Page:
Lord Bridges of Headley: ...of the referendum. Regarding the deal that we are seeking, we obviously wish to get the best possible arrangement for British companies to trade in goods and services across Europe while taking control of immigration. I am not going to speculate on what that looks like at this stage—I am sorry, but that is a refrain noble Lords will hear a lot—but the UK is in a unique position...

Written Answers — Home Office: Human Trafficking (24 Oct 2016)

Sarah Newton: ...police in their investigations. 3. Data extracted on 01 September 2016. 4. Data is broken down into Financial Years, showing the year the referral was made. 5. The data has been extracted from the Case Immigration Database. 6. These statistics have been taken from a live operational database. As such, numbers may change as information on that system is updated.

Written Answers — Home Office: Slavery (24 Oct 2016)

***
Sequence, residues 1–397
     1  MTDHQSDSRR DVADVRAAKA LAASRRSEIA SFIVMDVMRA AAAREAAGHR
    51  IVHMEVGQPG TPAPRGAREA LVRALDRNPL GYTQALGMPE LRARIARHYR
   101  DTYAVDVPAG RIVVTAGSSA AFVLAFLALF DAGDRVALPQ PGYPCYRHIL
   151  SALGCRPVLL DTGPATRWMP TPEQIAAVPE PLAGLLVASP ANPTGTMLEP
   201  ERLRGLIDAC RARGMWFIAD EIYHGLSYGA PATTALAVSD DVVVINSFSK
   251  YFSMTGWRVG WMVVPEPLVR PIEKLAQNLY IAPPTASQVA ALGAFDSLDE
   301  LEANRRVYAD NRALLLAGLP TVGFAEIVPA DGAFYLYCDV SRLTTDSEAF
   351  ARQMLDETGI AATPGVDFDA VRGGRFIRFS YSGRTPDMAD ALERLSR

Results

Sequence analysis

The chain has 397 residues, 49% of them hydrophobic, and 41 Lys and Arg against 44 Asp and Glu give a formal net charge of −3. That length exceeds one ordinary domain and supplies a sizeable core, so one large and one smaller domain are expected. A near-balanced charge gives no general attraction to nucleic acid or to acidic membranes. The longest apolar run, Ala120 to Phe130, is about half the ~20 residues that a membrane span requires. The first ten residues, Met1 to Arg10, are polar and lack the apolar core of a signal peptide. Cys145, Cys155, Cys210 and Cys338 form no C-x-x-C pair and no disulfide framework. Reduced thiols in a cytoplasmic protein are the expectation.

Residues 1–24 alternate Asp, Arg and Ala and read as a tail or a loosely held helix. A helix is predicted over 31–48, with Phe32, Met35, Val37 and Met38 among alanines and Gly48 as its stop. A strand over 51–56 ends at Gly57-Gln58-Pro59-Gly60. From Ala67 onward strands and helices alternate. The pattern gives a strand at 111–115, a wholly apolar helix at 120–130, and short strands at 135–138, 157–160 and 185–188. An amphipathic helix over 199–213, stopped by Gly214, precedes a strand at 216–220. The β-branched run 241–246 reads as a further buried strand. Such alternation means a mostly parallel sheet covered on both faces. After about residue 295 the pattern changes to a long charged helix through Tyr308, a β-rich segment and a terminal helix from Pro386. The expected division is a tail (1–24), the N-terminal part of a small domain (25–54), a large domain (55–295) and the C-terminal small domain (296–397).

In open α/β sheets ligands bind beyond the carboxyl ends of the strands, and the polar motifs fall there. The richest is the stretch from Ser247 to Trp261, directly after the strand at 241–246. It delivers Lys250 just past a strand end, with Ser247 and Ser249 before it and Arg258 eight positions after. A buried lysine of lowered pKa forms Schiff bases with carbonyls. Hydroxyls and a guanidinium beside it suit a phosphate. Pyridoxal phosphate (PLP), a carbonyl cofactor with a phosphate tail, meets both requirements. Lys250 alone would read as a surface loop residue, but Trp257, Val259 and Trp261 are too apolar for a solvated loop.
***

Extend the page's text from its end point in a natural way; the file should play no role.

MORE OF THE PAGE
Diana R. Johnson: ...decisions reached through the National Referral Mechanism took longer than five days in each year since 2009-10; and whether the decision-making in each of those decisions was by (a) UK Visa and Immigration or (b) the UK Human Trafficking Centre.

Written Answers — Home Office: Asylum: Children (24 Oct 2016)

Bridget Phillipson: ...progress the Government has made on consulting local authorities to identified a specified number of children refugees to be resettled in the UK in the next year under subsection (1) of 67 of the Immigration Act of 2016.

Written Answers — Home Office: Asylum: Children (24 Oct 2016)